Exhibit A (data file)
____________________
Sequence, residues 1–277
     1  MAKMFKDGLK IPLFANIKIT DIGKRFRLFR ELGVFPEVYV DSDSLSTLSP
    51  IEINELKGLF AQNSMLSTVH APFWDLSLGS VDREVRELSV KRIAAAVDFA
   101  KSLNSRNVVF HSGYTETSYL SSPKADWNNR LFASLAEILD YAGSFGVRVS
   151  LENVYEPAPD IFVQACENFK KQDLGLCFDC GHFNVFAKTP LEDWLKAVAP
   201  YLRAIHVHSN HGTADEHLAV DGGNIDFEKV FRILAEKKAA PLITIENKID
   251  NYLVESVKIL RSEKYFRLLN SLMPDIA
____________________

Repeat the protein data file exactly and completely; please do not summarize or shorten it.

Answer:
Sequence, residues 1–277
     1  MAKMFKDGLK IPLFANIKIT DIGKRFRLFR ELGVFPEVYV DSDSLSTLSP
    51  IEINELKGLF AQNSMLSTVH APFWDLSLGS VDREVRELSV KRIAAAVDFA
   101  KSLNSRNVVF HSGYTETSYL SSPKADWNNR LFASLAEILD YAGSFGVRVS
   151  LENVYEPAPD IFVQACENFK KQDLGLCFDC GHFNVFAKTP LEDWLKAVAP
   201  YLRAIHVHSN HGTADEHLAV DGGNIDFEKV FRILAEKKAA PLITIENKID
   251  NYLVESVKIL RSEKYFRLLN SLMPDIA